She loved well. She was a true balcony person. Joyce Landorf Heatherley wrote a book by the title in 1984 that describes her perfectly – “the gift and ministry of affirmation and those people in the balcony who shout words of encouragement to us and spur us on to be what God intends for us.” She never let a compliment go unspoken. She found something to love in every child she taught. She also was so proud of her family. She was a very involved grandmother, even when mine were way down in Houston. She showed up. She made memories and felt accomplished that they could make it around the corner before she started crying on the long drives home. She volunteered at my nephews schools after she moved to Carrollton and was always diving a bunch of hungry kids for pizza or sandwiches after school or practice. And oh how she loved to cook for people! Her second book was a collection of all the favorite family recipes and a few more stories called Kitchen Memories. Lynn and I still use it often as do our kids to make her Chicken and Dumplings, Big Mama Cake and many many more favorites.
Of most comfort to me right now is how much she loved the Lord. While she might not have known her earthly father, she has an amazing relationship with her heavenly one. While she grew up in the Church of Christ, she and Dad were married in the Episcopal church. He was Baptist and they both knew they didn’t want to get married in each other’s church. My Grandpa Chapman knew the minster at Heavenly Rest because he had bound books for him at the Book Bindery, so he agreed to perform the ceremony. Then years later, after failed attempts to find a home in the Baptist and Methodist churches, Mom attended inquiry classes at an Episcopal church. She was set to go through confirmation, when my dad asked her to wait until they moved to Wichita Falls so they could go through inquiry classes together. They did and we’re both confirmed there at Saint Stephen’s in the 1960s. She loved the church and especially the music and the glorious pipe organ well above the standards for a church that size. Our family memories are drenched in time spent there and later at All Saints. The Episcopal church was a safe place for dad as he found his way to the sobriety he enjoyed the last 22 years of his life. Mom loved the history and intellectual integrity she found there, devouring everything CS Lewis wrote. But hers was both a head and heart relationship with the Lord. She walked the Gospel. She loved well and was a true peace maker. She forgave the unforgivable experiences of her youth. She never blamed God for her fatherless life or the hard times she faced. She sought justice. Her current priest Father Reed described her best when he said, “Bobby may have been quiet, but she was never timid.” She loved to study God’s word and was always inviting others to come to Bible Study Fellowship with her. One of my greatest joys was being able to attend BSF with her and Lynn each week. Again she loved the songs we sang in the room full of women, but always worried that she might be talking too much in the discussion groups, but was too excited to share the answers she had found for the questions. This past year I had the double joy of bringing her with me to the Tuesday Morning Bible Studies at my church Bent Tree Bible Fellowship. The women in our group held a special place in Mom’s heart and they loved her right back.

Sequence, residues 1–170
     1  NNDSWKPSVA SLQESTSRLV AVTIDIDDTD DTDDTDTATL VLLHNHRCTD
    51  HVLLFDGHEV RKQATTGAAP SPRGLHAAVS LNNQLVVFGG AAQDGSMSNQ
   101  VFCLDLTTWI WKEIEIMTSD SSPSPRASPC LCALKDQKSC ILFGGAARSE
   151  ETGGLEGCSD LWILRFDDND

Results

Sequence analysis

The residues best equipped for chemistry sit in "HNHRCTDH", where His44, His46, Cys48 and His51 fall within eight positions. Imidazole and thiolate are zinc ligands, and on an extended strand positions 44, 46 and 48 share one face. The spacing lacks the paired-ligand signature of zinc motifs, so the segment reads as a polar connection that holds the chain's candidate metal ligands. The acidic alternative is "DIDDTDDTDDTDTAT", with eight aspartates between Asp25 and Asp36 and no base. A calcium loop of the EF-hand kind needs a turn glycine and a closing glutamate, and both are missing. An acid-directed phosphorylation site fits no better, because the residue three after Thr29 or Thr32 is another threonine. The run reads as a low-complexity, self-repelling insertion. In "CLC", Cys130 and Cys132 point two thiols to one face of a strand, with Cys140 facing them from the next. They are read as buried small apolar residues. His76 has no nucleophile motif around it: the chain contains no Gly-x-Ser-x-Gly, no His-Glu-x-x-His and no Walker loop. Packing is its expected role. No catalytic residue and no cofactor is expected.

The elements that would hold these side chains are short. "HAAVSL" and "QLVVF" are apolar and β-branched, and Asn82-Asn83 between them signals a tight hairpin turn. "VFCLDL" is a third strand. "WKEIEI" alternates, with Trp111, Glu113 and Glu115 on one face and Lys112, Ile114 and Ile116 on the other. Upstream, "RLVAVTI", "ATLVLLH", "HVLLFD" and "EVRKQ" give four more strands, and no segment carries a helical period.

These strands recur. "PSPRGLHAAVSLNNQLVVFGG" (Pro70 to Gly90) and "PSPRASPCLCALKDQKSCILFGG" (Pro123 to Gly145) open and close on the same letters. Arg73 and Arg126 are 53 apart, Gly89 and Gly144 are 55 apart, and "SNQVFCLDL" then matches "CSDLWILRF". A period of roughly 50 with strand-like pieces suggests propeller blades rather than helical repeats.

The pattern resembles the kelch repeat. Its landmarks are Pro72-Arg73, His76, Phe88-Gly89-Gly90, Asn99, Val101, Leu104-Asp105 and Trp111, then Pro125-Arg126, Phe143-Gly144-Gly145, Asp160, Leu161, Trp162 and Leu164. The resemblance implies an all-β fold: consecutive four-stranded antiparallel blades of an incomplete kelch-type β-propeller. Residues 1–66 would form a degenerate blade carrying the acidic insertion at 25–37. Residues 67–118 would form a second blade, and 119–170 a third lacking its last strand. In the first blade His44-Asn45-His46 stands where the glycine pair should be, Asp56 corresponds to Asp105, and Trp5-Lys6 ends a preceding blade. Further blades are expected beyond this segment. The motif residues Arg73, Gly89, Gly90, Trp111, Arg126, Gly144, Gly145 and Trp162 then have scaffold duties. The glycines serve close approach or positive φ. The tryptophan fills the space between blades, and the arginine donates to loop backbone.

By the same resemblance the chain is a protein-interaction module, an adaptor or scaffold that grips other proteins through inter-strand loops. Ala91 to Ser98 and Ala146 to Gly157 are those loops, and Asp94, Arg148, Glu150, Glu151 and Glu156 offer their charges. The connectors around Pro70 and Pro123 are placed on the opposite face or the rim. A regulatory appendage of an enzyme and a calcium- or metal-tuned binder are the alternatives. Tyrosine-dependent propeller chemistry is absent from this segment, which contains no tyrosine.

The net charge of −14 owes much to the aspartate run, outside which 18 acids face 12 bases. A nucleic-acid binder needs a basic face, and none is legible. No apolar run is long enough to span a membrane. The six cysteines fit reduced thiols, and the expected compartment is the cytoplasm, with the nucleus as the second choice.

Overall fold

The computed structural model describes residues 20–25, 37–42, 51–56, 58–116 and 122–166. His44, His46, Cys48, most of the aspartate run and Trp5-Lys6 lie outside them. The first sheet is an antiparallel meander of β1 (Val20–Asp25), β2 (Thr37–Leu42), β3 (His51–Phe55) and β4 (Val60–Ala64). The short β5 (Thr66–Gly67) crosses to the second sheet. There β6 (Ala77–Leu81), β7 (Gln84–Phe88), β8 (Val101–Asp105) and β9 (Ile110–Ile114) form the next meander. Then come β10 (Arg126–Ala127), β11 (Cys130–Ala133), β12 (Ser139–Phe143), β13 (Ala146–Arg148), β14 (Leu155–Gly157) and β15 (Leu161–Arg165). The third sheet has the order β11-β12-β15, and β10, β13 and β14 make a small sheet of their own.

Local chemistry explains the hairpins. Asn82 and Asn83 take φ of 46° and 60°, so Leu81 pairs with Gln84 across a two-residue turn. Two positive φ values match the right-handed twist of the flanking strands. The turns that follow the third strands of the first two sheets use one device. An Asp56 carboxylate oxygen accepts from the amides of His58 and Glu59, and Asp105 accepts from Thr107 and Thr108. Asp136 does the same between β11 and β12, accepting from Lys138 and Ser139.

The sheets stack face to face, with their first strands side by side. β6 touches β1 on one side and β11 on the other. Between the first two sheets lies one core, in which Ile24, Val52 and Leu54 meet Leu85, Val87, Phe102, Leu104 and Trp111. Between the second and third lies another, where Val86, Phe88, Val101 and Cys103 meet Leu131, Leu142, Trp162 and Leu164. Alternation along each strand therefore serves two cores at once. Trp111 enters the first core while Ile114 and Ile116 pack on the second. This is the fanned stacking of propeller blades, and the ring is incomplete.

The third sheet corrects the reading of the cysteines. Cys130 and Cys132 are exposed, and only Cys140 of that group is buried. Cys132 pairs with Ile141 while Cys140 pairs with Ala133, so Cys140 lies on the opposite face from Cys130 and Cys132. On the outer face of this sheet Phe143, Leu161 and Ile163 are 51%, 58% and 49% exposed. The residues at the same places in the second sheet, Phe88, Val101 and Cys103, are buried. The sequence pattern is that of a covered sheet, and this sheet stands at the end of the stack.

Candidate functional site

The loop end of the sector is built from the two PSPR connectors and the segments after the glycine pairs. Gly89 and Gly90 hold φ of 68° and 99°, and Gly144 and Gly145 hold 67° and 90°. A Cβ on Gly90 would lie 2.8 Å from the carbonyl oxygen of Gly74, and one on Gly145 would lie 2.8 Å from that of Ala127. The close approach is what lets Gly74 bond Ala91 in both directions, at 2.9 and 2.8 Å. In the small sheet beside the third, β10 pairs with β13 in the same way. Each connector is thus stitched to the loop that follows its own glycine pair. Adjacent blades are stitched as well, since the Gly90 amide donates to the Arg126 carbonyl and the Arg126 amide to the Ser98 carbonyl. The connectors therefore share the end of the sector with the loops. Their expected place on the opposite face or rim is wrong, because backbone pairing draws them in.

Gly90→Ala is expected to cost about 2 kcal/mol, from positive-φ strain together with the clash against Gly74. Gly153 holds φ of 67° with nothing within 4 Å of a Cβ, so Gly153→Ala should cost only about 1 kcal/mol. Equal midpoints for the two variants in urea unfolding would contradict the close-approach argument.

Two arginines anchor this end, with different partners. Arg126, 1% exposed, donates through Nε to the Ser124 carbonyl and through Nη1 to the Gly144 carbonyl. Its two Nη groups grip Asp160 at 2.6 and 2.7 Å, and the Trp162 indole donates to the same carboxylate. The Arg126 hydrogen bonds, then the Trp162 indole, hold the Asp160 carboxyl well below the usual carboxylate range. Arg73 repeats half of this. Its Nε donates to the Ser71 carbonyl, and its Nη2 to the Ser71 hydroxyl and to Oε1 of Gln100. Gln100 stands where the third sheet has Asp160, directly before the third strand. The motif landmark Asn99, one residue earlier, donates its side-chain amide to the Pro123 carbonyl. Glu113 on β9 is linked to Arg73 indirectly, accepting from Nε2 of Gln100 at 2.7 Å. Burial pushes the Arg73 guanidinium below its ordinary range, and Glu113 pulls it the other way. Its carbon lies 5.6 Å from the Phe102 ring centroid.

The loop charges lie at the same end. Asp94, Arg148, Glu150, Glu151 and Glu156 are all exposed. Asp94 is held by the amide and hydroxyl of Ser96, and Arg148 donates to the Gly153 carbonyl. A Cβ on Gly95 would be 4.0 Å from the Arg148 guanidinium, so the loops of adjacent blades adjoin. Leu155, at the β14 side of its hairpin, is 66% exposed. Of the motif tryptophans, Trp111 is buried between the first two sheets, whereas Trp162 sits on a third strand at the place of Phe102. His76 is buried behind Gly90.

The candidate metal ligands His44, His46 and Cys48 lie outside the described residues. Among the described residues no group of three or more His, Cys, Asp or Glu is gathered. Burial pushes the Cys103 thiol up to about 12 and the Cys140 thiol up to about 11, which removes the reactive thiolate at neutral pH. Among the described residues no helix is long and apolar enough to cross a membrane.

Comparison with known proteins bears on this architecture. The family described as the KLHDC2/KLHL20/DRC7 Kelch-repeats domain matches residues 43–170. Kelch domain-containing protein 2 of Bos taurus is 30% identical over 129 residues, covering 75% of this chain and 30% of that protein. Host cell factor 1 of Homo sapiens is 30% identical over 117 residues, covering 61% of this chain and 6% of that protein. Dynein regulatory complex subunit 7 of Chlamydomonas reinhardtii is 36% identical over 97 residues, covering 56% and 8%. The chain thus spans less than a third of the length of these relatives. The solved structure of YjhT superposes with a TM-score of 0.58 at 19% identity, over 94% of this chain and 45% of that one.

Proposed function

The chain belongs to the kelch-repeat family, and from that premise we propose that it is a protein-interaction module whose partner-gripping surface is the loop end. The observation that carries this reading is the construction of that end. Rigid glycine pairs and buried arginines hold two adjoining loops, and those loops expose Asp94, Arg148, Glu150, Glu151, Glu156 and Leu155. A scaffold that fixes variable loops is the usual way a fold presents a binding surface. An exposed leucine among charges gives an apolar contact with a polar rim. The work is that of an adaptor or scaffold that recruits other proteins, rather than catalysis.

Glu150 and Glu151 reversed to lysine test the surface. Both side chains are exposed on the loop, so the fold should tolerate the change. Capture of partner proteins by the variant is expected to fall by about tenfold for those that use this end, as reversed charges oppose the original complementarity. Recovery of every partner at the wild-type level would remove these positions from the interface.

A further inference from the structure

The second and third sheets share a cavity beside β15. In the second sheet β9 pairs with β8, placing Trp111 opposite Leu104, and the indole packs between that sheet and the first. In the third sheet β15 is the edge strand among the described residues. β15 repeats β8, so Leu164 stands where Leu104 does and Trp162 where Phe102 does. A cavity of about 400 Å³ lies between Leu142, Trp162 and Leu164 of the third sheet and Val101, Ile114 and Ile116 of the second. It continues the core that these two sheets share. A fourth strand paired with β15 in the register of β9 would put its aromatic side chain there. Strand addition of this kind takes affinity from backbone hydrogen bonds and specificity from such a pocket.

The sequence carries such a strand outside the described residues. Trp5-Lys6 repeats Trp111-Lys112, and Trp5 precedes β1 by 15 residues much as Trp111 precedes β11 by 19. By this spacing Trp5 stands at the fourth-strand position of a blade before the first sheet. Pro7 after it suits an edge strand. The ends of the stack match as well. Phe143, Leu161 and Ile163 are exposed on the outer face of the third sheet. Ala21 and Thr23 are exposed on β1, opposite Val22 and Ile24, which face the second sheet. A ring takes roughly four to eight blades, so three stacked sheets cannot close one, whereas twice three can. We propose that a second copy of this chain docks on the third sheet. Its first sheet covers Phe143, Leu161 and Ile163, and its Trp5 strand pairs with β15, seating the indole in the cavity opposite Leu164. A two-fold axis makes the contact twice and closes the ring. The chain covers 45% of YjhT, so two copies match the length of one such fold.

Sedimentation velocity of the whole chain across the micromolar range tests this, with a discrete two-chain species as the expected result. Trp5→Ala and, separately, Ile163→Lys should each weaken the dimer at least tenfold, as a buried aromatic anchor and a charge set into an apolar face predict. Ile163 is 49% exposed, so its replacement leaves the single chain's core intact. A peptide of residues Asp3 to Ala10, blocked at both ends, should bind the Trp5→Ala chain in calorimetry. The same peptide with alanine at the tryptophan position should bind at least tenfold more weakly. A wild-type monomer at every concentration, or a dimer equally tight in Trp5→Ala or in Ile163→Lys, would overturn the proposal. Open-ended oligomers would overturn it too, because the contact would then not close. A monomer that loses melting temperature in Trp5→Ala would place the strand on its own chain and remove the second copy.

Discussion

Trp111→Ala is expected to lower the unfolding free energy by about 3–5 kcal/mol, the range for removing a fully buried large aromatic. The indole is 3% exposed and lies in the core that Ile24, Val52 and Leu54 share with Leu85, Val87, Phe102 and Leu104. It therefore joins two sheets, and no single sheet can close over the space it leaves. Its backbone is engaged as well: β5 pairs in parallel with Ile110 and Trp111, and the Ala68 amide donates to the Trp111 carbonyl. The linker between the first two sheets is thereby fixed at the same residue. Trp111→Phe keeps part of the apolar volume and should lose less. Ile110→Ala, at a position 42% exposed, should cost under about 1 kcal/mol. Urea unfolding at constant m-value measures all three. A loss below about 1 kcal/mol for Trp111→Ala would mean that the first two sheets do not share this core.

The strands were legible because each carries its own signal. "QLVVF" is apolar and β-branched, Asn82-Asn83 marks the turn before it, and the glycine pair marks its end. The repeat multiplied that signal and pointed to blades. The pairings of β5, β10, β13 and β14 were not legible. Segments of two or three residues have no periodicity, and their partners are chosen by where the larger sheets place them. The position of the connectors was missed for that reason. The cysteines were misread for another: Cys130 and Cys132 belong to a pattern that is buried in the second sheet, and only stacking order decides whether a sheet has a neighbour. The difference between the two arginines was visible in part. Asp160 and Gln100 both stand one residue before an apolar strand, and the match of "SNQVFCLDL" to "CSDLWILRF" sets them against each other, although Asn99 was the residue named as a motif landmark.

This year the BSF study is Revelation. She was so excited to get the call from her new group leader and was just a little concerned it might be over her head. But she was looking forward to what God was going to show her through the study of His word. Now Lynn and l and all those who love her can take comfort that HE has desired she can have all the answers now as she sees Him face to face. We are confident she will soon be totally healed and will live forever with Him in glory. If you don’t share that same confidence and want to know how you can too be sure Heaven is your final destination, please don’t hesitate to ask us! Nothing would make Mom happier than knowing that God used her life and death to draw you to Him. She would love to see you again and spend eternity with you!